building maintenance

Tim Ellis/KUAC

About a hundred people packed the Fairbanks North Star Borough Assembly chambers Thursday to declare they don’t want the borough to demolish the Mary Siah Recreation Center. They told Assembly members to reject Mayor Karl Kassel’s proposal to knock down the 68-year-old structure and they said the borough should instead fix it up and keep it operating.


KUAC file photo

Fairbanks North Star Borough Mayor Karl Kassel on Thursday unveiled his recommended budget for the next fiscal year. He told Assembly members during a Finance Committee meeting that he’s tried to hold operating expenses to last year’s level and to keep property taxes just under the tax-revenue cap. And he says the budget also includes funding to begin catching up on a long list of deferred maintenance around the borough.


Tim Ellis/KUAC

Fairbanks North Star Borough officials announced Monday they’re planning to close the Mary Siah Recreation Center and demolish the 67-year-old structure this summer. It’s the first of several projects borough officials will be announcing in the coming weeks in an effort to catch up on an estimated $400 million backlog of deferred maintenance on more than 200 borough facilities.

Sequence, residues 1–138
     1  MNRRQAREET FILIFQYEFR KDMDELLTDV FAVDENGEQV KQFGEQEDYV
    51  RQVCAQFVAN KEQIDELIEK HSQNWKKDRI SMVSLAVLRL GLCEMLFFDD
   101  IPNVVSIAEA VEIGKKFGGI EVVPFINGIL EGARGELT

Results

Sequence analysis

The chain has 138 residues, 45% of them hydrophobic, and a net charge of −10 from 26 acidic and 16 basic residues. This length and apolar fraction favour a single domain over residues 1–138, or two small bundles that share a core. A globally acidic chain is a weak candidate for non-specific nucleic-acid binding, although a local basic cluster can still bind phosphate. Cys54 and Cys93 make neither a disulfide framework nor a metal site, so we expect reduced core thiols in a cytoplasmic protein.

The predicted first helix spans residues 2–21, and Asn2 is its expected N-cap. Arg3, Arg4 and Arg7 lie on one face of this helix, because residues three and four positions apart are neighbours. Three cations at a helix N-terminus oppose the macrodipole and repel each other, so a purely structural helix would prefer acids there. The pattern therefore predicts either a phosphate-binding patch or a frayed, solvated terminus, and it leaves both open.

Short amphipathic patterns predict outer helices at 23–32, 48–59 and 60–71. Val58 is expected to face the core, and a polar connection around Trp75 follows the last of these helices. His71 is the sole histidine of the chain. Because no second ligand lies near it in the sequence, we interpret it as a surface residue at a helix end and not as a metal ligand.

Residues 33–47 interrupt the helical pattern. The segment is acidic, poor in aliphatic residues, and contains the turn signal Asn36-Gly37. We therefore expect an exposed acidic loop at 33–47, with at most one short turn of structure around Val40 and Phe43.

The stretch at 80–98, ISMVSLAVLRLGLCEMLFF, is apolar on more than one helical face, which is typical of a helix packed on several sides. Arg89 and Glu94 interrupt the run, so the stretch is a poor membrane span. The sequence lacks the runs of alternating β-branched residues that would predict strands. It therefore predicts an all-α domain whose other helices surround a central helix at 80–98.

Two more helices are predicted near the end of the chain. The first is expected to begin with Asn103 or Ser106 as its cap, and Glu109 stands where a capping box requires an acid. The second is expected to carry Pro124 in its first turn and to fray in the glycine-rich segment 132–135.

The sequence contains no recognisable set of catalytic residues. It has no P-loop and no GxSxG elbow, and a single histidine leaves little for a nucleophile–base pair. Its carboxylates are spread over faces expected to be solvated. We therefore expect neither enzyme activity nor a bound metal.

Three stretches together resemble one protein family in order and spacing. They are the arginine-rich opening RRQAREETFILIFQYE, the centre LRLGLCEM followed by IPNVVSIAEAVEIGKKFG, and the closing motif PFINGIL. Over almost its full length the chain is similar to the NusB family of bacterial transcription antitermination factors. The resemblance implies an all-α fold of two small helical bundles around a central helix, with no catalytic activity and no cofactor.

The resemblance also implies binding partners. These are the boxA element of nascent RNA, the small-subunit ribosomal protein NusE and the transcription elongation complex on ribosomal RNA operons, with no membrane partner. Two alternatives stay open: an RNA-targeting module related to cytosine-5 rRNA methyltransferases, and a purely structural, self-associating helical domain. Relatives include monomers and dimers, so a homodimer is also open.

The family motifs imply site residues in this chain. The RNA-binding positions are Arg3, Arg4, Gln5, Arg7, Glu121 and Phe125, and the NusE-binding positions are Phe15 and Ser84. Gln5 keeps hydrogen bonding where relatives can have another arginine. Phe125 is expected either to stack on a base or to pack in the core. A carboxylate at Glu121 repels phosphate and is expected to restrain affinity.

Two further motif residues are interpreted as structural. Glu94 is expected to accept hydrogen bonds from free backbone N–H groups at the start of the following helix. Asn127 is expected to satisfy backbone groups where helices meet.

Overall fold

Tim Ellis/KUAC

Fairbanks North Star Borough Mayor Karl Kassel says most of the borough’s 250 or so buildings are badly in need of maintenance. He says many are so old that they just need to be torn down and replaced. And he says it’ll cost nearly $400 million to catch up on that backlog. The mayor told a couple hundred area residents who showed up for two meetings Wednesday that they and their local elected leaders will have to solve the problem, because it’s unlikely the state will pay for much, if any, of that work.


Seattle University Spectator

Fairbanks North Star Borough Mayor Karl Kassel says state officials have cut funding to the borough for three straight years now, and it appears likely that’ll continue in the years ahead. The mayor says borough officials face some tough choices on how to deal with those cuts, so he’s scheduled two public meetings for Wednesday to talk about the problem – and ask borough residents what they think ought to be done about it.